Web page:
After a few decades off the grid, Rocky and Bullwinkle have been resurrected once again. And this time just for comic geeks.
Here’s the official word from IDW:
They’re finally here! Welcome Bullwinkle the Moose and Rocket J. Squirrel back to comics, in this very special first issue by fan-favorites Mark Evanier and Roger Langridge. Rocky and Bullwinkle must stop the evil Boris and Natasha from duping a wealthy philanthropist in THE PSYCHIC SIDEKICK. And when Dudley Do-Right tries to woo the beautiful Nell, will Snidely Whiplash get away?
For those of you who grew up with Rocky and Bullwinkle, issue #1 of this new series will feel like pouring a cold bucket of nostalgia over your head. This is to say, yes, it takes you back: the jokes, the pacing, and the feel of this issue are distinctly old-school. Much of this has to do, of course, with writer Mark Evanier, who’s made his name and fame by penning scripts for classic Hanna-Barbera cartoons and wastes no time infusing this new launch with the same kind of energy you’d expect from the animated Rocky and Bullwinkle series. Similar to a standard television episode, issue #1 presents a series of discrete micro-stories which all revolve around a the same loose theme (for this inaugural issue it’s Mr. Louis Lucre’s fortune, which he loses and regains). The end-product is sweet and emotionally filling –although if I’m to be honest, it’s also a bit dull; or maybe to be fair, it’s simply pales in comparison to the television show which had the benefit of well-timed sight gags, voice talents, and a big brass band. I know, I know — it’s a comic and not a television, so is it fair to compare? Well, sorry, but I can’t help myself.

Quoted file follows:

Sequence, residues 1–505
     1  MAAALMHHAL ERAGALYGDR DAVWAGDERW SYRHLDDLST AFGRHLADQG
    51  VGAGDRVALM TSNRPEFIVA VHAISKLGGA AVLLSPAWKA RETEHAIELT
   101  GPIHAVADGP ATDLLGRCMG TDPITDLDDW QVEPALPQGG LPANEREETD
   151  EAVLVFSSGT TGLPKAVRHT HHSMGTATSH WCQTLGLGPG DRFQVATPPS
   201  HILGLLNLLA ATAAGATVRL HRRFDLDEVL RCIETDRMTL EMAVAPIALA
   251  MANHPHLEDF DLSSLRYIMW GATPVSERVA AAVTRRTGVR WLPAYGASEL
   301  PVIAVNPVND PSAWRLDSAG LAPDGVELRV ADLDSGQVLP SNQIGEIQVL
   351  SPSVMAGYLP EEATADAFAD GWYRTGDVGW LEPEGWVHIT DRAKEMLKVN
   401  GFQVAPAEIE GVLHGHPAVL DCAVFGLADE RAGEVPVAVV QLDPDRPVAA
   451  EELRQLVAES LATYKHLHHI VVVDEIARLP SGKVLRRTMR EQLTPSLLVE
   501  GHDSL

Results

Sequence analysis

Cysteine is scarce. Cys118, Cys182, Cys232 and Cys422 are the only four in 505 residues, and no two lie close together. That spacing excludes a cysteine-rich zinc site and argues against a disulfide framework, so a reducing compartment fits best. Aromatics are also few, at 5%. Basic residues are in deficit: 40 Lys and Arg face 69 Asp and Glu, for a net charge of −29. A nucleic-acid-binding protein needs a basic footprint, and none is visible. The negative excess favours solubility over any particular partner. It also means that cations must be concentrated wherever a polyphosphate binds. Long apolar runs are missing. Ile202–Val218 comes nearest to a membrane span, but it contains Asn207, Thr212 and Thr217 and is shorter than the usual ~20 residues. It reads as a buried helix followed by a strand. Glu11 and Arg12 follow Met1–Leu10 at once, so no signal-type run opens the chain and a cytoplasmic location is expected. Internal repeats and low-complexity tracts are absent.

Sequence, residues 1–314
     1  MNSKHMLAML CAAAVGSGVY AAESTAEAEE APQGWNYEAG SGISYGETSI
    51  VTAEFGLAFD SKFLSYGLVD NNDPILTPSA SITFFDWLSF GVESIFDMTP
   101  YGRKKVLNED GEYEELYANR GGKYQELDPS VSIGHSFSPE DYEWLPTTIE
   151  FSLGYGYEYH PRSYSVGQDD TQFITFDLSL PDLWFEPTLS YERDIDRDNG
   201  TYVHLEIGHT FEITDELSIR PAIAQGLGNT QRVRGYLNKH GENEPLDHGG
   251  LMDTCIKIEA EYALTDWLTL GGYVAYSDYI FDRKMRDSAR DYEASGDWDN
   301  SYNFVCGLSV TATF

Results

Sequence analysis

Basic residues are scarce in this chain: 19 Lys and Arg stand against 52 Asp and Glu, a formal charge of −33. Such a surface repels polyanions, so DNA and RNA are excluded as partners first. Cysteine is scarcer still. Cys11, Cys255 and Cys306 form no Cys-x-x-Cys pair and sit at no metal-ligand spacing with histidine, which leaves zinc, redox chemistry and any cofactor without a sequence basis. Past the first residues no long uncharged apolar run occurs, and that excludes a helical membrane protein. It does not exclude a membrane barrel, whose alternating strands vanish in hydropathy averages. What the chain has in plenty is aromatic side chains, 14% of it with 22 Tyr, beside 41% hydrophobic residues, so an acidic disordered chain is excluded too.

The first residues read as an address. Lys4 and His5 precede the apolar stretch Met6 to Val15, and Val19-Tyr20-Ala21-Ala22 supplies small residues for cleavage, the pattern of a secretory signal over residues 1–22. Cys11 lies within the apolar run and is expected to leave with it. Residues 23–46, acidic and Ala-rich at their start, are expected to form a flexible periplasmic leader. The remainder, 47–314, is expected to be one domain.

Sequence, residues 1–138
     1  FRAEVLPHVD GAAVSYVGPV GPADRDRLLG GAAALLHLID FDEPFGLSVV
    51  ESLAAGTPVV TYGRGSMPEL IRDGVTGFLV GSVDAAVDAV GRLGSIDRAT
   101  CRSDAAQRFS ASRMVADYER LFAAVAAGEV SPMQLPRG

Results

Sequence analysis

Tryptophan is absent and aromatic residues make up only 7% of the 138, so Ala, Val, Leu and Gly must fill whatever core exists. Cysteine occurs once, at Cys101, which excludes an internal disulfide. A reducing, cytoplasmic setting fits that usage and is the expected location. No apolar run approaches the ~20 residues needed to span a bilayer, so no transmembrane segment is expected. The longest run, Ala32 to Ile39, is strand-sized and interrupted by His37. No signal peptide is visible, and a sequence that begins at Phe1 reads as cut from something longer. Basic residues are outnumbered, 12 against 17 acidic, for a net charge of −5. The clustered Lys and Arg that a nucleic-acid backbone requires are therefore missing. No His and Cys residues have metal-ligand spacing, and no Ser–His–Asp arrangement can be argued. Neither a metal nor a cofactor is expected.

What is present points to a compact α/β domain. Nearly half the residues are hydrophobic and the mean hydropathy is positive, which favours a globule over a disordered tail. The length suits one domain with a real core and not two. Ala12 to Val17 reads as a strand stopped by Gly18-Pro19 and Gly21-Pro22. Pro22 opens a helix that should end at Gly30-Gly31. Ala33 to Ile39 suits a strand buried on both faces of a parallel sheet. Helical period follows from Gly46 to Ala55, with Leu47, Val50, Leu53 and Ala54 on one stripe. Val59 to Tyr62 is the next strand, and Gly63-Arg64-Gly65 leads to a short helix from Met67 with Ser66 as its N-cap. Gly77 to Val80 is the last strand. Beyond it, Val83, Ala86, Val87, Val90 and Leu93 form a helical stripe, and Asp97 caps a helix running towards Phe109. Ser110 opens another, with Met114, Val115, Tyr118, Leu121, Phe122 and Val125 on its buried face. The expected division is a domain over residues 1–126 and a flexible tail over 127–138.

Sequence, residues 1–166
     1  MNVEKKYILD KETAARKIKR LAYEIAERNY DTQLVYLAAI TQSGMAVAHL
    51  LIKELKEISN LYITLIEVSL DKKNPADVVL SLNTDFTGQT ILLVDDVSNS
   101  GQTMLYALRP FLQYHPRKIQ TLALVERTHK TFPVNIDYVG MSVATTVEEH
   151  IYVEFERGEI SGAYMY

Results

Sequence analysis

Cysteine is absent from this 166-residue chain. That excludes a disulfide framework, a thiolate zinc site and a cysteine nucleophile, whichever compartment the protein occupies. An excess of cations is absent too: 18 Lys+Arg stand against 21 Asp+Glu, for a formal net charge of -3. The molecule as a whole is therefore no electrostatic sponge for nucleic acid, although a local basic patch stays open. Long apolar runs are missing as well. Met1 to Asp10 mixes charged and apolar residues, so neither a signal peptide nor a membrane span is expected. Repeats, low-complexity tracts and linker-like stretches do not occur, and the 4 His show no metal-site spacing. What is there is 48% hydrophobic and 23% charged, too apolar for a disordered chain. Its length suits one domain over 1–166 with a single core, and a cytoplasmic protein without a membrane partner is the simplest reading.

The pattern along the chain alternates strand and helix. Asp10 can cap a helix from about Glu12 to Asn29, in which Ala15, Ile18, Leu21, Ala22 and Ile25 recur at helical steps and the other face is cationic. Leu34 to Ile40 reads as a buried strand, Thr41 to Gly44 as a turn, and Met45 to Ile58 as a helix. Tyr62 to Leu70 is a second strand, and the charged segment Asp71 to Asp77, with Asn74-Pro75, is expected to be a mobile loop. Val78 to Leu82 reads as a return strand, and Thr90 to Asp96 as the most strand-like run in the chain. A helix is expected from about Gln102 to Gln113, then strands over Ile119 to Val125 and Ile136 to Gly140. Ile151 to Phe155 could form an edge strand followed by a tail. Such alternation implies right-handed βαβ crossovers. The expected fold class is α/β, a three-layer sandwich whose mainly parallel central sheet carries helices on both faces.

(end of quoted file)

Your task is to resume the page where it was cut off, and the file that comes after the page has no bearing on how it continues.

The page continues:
The art, by Roger Langridge, is pretty damn spot-on. Rocky looks like Rocky and Bullwinkle looks like Bullwinkle, which adds tons of credibility to this new title, and makes it a joy to flip through. A special shout-out goes to Langridge for his use of colors with this issue, too, which are so reminiscent of the original show you almost expect the characters he illustrates to move.
Overall, issue #1 of Rocky and Bullwinkle was a delight to read — but mostly as a throwback to series we all loved. Can this title break new ground and push the continuity further? We’ll have to wait and see.
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